April 22, 1990 |
Countdown clocks resumed ticking Saturday for the shuttle Discovery's delayed launch Tuesday to boost the $1.5-billion Hubble Space Telescope into orbit. Engineers also readied the shuttle Columbia for rollout to its launch pad today for a May flight. Discovery's carefully scripted countdown began on time at 3 p.m. The ship's five-member crew is set to blast off at 5:31 a.m.
April 23, 1990 |
The shuttle Discovery's crew flew back to Florida on Sunday for blastoff Tuesday on a critical flight to carry the $1.5-billion Hubble Space Telescope into orbit, 14 days late because of hydraulic problems. "Well, here we are again!" Discovery skipper Loren J. Shriver said shortly after the crew arrived. "We feel very confident that things are going to go well this time."
July 31, 1992 |
Launch crews moved steadily through the countdown Thursday in preparation for the launching of the space shuttle Atlantis, aiming for a liftoff at 6:56 a.m. PDT today. They delayed a rollback of the service structure around the vehicle for eight hours so that technicians could relieve a pressure buildup in a tank serving an auxiliary maneuvering unit, but with that problem fixed they were to begin fueling its gigantic external tank with liquid hydrogen and liquid oxygen shortly after midnight.
April 24, 1990 |
The much-delayed launch of the Hubble Space Telescope was back on track Monday, and officials expected the space shuttle Discovery to blast off at around 5:31 a.m. PDT today. "The astronomers are starting to tingle again," Lennard A. Fisk, chief scientist for the National Aeronautics and Space Administration, said Monday.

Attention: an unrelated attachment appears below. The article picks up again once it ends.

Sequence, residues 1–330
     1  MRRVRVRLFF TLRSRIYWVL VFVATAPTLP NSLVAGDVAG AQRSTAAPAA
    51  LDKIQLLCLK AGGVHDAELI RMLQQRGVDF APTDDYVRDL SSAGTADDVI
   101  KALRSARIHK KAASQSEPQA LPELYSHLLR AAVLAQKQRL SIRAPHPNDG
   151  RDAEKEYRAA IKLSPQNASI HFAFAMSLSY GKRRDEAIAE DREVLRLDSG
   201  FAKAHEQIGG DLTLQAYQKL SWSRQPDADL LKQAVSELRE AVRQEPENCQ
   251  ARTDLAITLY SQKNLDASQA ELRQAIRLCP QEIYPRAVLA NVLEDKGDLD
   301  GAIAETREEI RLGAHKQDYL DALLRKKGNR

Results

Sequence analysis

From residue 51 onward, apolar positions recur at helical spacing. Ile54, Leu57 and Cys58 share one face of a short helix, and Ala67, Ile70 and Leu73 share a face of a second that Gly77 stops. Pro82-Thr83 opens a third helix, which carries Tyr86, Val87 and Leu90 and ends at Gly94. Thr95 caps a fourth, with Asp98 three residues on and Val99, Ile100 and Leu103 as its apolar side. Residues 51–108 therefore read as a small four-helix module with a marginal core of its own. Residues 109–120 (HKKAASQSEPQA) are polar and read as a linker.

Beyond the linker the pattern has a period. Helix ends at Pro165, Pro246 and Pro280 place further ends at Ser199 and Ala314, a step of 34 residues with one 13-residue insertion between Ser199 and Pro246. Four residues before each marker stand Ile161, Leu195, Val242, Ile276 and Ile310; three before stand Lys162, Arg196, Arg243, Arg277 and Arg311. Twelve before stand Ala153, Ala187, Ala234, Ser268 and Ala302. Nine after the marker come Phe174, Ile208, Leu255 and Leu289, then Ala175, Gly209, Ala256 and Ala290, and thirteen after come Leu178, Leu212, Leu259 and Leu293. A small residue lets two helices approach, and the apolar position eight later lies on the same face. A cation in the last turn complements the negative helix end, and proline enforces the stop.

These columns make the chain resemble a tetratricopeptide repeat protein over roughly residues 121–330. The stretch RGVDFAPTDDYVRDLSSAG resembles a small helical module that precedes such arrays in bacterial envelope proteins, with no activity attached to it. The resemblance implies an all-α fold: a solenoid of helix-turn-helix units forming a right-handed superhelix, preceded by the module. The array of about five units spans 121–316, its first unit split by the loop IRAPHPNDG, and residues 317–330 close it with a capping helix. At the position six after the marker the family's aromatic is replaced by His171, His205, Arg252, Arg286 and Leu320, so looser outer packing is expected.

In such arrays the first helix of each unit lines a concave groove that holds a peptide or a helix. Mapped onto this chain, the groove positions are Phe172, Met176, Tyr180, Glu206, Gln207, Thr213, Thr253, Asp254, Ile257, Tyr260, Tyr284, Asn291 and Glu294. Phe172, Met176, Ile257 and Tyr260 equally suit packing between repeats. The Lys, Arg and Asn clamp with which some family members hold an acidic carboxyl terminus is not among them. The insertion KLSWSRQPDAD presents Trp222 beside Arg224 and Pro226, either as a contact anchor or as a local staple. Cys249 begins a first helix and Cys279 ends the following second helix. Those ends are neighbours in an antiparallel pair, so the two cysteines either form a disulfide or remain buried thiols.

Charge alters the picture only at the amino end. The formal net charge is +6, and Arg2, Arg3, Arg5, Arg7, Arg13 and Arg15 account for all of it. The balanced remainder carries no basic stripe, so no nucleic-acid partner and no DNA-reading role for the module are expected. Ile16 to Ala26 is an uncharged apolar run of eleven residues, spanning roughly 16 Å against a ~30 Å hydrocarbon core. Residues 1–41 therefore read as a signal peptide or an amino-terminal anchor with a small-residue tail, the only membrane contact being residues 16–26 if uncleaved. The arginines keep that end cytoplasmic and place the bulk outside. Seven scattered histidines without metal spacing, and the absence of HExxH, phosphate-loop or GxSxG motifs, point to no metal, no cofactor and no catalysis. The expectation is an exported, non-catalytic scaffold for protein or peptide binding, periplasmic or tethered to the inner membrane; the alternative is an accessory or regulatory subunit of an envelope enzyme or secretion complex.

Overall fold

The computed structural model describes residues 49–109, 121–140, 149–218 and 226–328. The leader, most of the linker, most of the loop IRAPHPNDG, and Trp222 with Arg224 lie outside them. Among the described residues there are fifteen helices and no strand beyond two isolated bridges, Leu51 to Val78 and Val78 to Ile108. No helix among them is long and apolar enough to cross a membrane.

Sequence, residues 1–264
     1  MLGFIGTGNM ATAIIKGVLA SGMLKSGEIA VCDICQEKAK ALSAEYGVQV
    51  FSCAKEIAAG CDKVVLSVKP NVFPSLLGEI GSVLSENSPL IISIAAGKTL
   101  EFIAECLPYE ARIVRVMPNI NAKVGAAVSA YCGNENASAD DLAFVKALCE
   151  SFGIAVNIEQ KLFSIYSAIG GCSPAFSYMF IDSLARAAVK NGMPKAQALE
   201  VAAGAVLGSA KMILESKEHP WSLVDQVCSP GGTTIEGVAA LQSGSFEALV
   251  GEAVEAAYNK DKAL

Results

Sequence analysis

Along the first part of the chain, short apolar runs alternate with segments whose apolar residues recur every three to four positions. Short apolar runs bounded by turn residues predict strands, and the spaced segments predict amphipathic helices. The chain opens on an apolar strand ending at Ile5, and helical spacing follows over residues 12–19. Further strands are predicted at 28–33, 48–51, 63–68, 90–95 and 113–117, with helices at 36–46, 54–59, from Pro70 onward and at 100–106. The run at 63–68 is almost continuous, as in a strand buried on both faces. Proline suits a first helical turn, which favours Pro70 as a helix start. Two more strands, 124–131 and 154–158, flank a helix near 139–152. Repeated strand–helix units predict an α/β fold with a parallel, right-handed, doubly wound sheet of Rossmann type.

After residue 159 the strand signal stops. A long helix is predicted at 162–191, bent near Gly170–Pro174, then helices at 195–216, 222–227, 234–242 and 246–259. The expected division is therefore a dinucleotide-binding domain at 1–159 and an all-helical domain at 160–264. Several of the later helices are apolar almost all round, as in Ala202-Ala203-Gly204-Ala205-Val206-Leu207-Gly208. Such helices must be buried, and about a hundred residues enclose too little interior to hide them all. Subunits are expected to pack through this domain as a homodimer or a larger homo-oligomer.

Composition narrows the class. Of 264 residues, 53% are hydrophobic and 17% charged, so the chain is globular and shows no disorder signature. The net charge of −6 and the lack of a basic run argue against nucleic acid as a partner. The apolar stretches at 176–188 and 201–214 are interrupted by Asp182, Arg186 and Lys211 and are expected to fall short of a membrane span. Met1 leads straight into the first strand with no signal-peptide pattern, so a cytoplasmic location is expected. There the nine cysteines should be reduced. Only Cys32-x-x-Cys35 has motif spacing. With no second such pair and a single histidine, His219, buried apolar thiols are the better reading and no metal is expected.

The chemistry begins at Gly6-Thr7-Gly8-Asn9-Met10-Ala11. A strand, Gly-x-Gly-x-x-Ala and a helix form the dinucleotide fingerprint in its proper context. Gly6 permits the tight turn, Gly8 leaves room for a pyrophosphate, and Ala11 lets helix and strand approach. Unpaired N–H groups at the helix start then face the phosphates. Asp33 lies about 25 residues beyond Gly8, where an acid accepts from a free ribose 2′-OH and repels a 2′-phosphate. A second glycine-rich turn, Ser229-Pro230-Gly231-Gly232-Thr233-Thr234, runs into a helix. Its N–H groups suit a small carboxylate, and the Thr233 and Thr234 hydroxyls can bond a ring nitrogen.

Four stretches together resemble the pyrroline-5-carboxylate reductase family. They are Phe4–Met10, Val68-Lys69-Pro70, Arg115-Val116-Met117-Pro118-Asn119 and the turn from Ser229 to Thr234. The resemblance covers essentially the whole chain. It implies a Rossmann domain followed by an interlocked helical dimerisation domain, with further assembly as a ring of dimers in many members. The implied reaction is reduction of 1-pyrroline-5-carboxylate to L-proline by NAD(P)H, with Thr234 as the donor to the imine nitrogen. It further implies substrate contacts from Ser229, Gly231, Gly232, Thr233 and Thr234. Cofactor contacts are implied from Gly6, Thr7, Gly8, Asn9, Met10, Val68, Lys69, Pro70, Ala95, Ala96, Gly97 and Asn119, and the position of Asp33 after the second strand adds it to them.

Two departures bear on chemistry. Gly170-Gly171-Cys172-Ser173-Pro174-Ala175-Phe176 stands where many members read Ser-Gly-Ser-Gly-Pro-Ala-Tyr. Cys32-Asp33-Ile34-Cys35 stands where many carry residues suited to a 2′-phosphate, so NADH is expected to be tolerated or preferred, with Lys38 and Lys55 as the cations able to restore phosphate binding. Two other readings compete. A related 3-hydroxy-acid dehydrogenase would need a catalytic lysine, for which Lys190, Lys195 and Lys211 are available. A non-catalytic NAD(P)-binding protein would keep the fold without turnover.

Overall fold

January 24, 1985 |
The space shuttle Discovery rode on searing flames into orbit this afternoon, carrying a secret military cargo intended to boost the nation's ability to spy on Soviet communications. The launch into a sky marred only by the slightest wisps of clouds took place under unprecedented security for a shuttle operation, intended to foil attempts to determine the nature of the mysterious mission by hiding its launch time until the final nine minutes of the countdown. The launch was flawless.
April 25, 1990 |
The Discovery astronauts triumphantly launched the $1.5-billion Hubble Space Telescope one orbit late today after last-ditch commands from Earth freed a stuck solar panel, narrowly averting a daring emergency spacewalk. The telescope began orbiting Earth every 97.3 minutes at an altitude of 380 miles--high above the atmosphere, which has limited the view of ground-based telescopes. "Discovery, go for Hubble release," Mission Control told the crew at 12:37 p.m. PDT.